Queen's Birthday Honour June 2011

Sister Marie Roche’s work in the community was acknowledged in her award of  Membership of the Order of New Zealand, (MNZM) in the Queen’s Birthday Honours List recently.

The following article by Bronwyn Torrie appeared in the Dominion Post newspaper:
Becoming a nun at the tender age of 17 has led to a life of serving those less fortunate, and Sister Marie Elizabeth Roche wouldn’t have it any other way.
“It was a calling, really.  I love the lifestyle and because I’m not married and don’t have children, I’m free to really do mission.”
For her selfless service to the community, Sister Marie, 64, is today being made a Member of the New Zealand Order of Merit.
And she can’t wait to spill her secret.  “I haven’t told a soul, I’m bursting.”
She was shocked when the letter arrived informing her she was nominated for the Queen’s Birthday honours.
“I have to say I’m very humbled by it because I look around and see all these wonderful people doing wonderful things.”
Sister Marie has been inside the walls of Rimutaka Prison for 15 years as the Catholic prison chaplain, working with staff and inmates.
“I do whatever I can to help to make it not better, but different.  Often in the sober cold light of day they realise what they’ve done and what they’ve lost.”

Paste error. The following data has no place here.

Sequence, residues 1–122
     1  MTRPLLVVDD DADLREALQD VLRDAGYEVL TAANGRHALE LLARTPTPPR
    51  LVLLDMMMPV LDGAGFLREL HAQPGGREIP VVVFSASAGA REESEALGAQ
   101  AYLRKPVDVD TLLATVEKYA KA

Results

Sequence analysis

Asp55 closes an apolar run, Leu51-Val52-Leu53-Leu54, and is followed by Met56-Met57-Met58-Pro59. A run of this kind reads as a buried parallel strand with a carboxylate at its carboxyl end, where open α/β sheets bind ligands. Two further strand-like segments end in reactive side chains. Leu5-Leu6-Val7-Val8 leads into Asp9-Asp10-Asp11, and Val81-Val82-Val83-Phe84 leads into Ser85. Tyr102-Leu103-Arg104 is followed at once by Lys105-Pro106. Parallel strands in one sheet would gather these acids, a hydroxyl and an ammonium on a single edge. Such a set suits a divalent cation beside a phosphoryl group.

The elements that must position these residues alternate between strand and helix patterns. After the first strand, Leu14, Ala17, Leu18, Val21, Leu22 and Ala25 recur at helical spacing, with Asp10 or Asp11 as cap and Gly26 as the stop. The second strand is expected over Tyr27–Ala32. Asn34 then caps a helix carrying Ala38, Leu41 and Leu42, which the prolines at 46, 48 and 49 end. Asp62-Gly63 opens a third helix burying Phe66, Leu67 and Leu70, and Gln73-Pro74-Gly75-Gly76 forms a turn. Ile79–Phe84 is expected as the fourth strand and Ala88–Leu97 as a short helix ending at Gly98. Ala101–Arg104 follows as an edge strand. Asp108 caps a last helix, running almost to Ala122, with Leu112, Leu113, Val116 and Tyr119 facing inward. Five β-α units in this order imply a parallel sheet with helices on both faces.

While she loves her work in the prison she isn’t a fan of the institution, saying it’s the ‘least helpful alternative”.
Instead she would rather see families kept together and more prisoners given the opportunity to work and do programmes in the community.
“I think it’s too easy to put people in prison, but often judges’ hands are tied because of the law.”
Her hope in humanity has not dimmed over the years after coming across some of New Zealand’s worst offenders and seeing familiar faces walk through the prison gates time after time.
“I do a lot of one-on-one work visiting the units, just sitting with the men doing what I can.  We talk about their children, their lives, how they got into this situation.”
One of 10 children, Sister Marie left Hawkes Bay for the Sisters of St Joseph in Whanganui in 1963.  There she trained to be a teacher.
In her 24 years in education she was instrumental in establishing St Peter Chanel School, a bilingual school in Otaki where she was principal for six years.
Before taking up her post at the prison she was the coordinator for Challenge 2000, a non-government-funded Christian social work agency in Johnsonville.  This sparked her involvement in the Justice system as she spent a lot of time in court supporting families and visiting inmates at Arohata, Mt Crawford, and Rimutaka prisons.
In her spare time Sister Marie likes to potter in her Upper Hutt garden and create mosaics.
Courtesy of The Dominion Post 6/611

Gallery / Whakaahua

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